T. Imperiled species. Species that have been designated as a candidate or are listed under the Endangered Species Act, or are considered of special concern by local, State, or tribal jurisdictions.

U. Isolation. Complete containment, as it pertains to an entire facility or a subunit of the facility, of infected or exposed aquatic animals, aquatic animals of unknown disease status, or aquatic animal pathogens. Service fishery managers will accomplish isolation by restricting the movement of such aquatic animals, aquatic animal cultural equipment, or other items associated with the infected or exposed aquatic animals or the aquatic animal pathogen.

V. Listed pathogen. An aquatic animal pathogen causing or associated with diseases and listed in this policy.

W. Lot. A group of cultured aquatic animals of the same species, of the same year class, originating from the same spawning population, and sharing the same water supply.

X. Monitoring. Periodic sampling and disease detection work performed or supervised by a Service aquatic animal health official in accordance with procedures set forth or referred to in this policy (713 FW 1-5). When monitoring is used in part or for all of an annual health inspection, a Service aquatic animal health official will document this in the "Remarks" section of FWS Form 3-226.

Y. Pathogen strain. A pathogen that differs phenotypically (e.g., host-specificity, virulence, etc.) and genotypically (i.e., unique genetic identity) from other pathogens of the same taxonomic group.

Z. Prevalence. The number of detectable cases of a disease or disease agent (i.e., pathogen) present in a population at a given time.

AA. Primary broodstock facility. A hatchery or other facility whose primary role is to maintain, onsite, resident populations of aquatic animals that will be used to provide fertilized eggs and gametes for the National Broodstock Program. Primary broodstock facilities as of September 2001 are: Ennis, Erwin, Saratoga, and White Sulphur Springs National Fish Hatcheries.

BB. Quarantine. Used in 713 FW 3 to describe the cessation of all movements of animal and potential infectious material from a facility suspected of containing an exotic disease. The facility boundaries define the outer limits of the quarantine zone. Quarantine is also used in 713 FW 5 to describe the highest level of isolation rearing where an animal or group of animals is held in a closed environment with disinfected effluent to ensure that disease organisms are not introduced to the general population of the facility or to the watershed.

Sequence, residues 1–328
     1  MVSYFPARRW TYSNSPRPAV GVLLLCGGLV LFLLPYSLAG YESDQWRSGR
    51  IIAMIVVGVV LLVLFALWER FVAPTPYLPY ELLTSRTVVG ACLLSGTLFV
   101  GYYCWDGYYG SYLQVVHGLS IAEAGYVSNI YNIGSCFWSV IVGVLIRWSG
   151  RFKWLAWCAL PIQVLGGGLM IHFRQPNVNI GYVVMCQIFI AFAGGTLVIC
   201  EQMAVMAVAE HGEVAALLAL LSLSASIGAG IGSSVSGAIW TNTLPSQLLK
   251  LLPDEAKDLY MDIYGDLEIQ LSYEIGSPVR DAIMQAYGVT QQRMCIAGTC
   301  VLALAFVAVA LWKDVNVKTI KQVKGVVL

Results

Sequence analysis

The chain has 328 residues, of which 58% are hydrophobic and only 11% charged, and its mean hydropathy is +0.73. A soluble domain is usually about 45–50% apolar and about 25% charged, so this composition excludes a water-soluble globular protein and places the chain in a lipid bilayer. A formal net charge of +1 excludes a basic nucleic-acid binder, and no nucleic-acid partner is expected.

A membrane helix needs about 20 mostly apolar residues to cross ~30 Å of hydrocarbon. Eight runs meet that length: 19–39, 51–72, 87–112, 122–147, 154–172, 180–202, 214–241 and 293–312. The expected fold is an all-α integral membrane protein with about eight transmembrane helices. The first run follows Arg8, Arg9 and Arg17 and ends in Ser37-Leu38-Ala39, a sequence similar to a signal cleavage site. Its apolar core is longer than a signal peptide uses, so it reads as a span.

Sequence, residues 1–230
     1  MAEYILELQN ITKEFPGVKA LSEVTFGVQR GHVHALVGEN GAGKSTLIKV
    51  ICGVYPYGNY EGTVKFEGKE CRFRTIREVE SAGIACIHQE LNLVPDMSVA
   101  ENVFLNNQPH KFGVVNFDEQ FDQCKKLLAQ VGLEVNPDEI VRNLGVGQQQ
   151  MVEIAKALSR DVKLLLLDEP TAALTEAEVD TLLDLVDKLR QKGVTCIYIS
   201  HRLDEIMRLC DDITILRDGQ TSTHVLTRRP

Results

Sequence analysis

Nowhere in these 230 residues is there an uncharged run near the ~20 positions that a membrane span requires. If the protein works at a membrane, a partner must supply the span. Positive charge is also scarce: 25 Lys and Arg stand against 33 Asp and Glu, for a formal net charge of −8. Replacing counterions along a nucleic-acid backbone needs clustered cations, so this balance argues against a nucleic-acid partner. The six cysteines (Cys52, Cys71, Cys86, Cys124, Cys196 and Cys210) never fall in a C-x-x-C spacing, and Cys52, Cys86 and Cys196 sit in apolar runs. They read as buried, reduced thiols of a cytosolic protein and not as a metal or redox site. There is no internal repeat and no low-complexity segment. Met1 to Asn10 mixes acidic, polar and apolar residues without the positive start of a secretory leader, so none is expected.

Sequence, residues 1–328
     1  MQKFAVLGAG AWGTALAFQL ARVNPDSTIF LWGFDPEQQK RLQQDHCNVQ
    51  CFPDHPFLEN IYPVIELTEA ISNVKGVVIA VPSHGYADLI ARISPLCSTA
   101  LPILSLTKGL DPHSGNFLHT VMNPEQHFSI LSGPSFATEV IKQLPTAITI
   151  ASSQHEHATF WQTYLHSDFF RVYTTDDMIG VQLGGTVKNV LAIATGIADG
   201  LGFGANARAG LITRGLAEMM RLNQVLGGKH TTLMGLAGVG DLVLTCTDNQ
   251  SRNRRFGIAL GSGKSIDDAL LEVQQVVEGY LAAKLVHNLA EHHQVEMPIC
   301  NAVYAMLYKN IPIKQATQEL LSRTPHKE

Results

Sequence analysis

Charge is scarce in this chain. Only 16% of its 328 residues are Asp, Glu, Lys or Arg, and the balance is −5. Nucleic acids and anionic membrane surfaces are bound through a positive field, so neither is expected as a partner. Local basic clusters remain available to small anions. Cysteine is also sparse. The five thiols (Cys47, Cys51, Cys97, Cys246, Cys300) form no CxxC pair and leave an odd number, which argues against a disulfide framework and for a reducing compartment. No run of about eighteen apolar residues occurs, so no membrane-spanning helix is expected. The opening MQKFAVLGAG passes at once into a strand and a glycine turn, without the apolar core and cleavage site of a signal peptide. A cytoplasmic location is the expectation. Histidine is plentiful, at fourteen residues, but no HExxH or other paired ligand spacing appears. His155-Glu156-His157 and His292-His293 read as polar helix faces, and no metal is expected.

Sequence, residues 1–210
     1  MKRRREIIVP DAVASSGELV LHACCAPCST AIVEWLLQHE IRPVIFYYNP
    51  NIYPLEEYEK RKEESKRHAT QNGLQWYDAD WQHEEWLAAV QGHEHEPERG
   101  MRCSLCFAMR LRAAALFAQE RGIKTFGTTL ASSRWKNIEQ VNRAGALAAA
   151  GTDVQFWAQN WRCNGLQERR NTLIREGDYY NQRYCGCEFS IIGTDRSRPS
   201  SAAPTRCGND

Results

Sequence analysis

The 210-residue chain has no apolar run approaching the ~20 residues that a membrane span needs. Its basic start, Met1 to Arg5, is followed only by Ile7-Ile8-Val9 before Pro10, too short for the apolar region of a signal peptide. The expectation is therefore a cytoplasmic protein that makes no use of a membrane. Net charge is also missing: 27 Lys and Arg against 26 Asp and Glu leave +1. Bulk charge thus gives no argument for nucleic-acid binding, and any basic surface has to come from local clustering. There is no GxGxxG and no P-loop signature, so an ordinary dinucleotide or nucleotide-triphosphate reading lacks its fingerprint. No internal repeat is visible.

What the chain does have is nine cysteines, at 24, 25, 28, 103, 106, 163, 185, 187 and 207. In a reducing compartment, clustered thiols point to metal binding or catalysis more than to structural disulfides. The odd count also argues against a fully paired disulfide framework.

CC. Regulations. Foreign, Federal, State, or tribal aquatic animal disease control regulations or administrative orders promulgated to prevent the introduction or spread of aquatic animal diseases or for other purposes.

DD. Service-managed properties. Any land, water and facilities controlled by the Service. These properties include, but are not limited to: national fish hatcheries, fish technology centers, fish health centers, and national wildlife refuges.

EE. Service-contracted facilities. Any non-Service facility under contract to the Service to produce aquatic animals.

FF. Special-case aquatic animals . Includes, but is not limited to: threatened and endangered species, species of concern, native fish species, animals for which there are no commonly accepted diagnostic techniques, and low captive population sizes (< 100 animals).

GG. Statistically-based sampling. The collection by a Service aquatic animal health official or their designated Service agent of appropriate aquatic animal tissue or fluid samples, on a lot-specific basis, in sufficient numbers to meet sampling criteria for listed pathogens as required in this policy.

HH. Stock. That portion of an aquatic animal population sharing a common gene pool and, for aquatic animal health purposes, a common environment.

II. Surveillance. The health examination (e.g. inspections, monitoring, diagnostics and non-lethal techniques) of aquatic animals by Service aquatic animal health officials.

JJ. Traditional aquaculture species. Animals that have been successfully reared in captivity and for which diagnostic techniques are available to test for their diseases.

KK. Watershed. A drainage system of connected lakes and/or streams confined to a limited geographic basin.

For information on the specific content of this exhibit, contact the Fish and Aquatic Conservation Program. For questions about this web page, contact Krista Bibb , in the Policy and Regulations Branch (PRB), Division of Policy, Economics, Risk Management, and Analytics.